Folding, sewing and contemplating Les — and my press

Work on the eulogy is nearly complete, leaving me feeling both relieved and sad.   With each paragraph I typeset, I recalled a hundred memories of my dear, crazy, funny & cantankerous father-in-law.  The printing was a marathon: I sorely felt the shortage of type, forcing me to compose, print and diss each page separately.  I have to confess that I’m not sorry that task is done!

Sewing the pamphlets
Sewing the pamphlets

Still, it was a good opportunity to learn about spacing, alignment and registration. As I fold and stitch each pamphlet, I’m studying each printed page – looking at the evenness of the inking, leading and spacing,  justification (one of my weaknesses, it seems).

I’m still struggling with the finer details of justifying my texts: somehow I can’t quite get the knack for a fully justified text – at least not without some ragged lines, or rivers or lakes appearing on the page. I tell myself this will improve with practice – and now that I have more time to devote to the craft, I hope to focus on this problem first.

I’ve also learned that I should have someone else proofread my copy because clearly, I was blind when I proofed this page.  I discovered these typos as I started to stitch the pamphlet (and long after the type had been dissed!) : an upside down “o” and a comma used instead of the full-stop period.  Even though it felt like I proofed each text a thousand times, evidently I missed a few glaring errors.  While it’s tempting to say something like “o, it’s fine — no big deal– it just shows that it’s handset,”  I feel somehow that it’s disrespectful to the intent of the project and to the memory of my father-in-law.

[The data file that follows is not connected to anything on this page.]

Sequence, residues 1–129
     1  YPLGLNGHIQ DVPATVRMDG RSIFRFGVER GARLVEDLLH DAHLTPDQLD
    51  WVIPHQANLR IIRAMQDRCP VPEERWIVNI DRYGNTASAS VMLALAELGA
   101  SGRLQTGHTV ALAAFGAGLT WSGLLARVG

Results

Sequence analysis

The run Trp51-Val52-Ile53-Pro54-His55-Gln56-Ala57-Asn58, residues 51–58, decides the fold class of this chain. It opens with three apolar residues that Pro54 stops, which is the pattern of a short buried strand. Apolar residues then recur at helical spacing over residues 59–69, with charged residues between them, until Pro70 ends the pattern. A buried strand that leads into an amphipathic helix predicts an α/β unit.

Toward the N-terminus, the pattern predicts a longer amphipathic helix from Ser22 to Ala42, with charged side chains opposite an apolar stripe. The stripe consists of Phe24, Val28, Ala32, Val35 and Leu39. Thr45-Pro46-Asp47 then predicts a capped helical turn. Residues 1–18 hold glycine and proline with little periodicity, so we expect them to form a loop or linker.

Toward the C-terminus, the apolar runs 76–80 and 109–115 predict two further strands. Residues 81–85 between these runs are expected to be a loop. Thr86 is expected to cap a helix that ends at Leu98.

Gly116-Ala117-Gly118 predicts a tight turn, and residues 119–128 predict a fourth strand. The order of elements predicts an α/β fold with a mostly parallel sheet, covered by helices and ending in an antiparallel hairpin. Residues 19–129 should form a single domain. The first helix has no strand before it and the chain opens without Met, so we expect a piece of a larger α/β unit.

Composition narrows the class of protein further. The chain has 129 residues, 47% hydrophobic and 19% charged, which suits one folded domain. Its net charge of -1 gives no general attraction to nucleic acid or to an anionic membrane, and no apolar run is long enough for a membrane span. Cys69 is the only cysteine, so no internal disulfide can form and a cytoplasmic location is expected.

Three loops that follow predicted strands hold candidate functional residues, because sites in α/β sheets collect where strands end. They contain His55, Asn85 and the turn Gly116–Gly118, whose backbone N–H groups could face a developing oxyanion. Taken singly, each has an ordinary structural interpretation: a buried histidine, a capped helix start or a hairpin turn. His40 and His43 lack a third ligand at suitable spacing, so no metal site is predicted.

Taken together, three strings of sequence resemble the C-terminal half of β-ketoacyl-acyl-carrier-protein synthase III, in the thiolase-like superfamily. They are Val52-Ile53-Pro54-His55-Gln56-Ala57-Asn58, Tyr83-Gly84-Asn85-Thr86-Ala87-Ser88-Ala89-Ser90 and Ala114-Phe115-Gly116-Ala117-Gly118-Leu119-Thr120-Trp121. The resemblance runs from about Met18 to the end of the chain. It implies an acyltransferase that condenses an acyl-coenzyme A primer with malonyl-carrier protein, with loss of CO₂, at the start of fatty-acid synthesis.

Typos in text
Typos in the text

There’s not much I can do about it now, except to document my mistakes and learn from them in the future.   And to my-father-in-law, I would say “I’m sorry about these mistakes.  Adieu, dear Les.”

 

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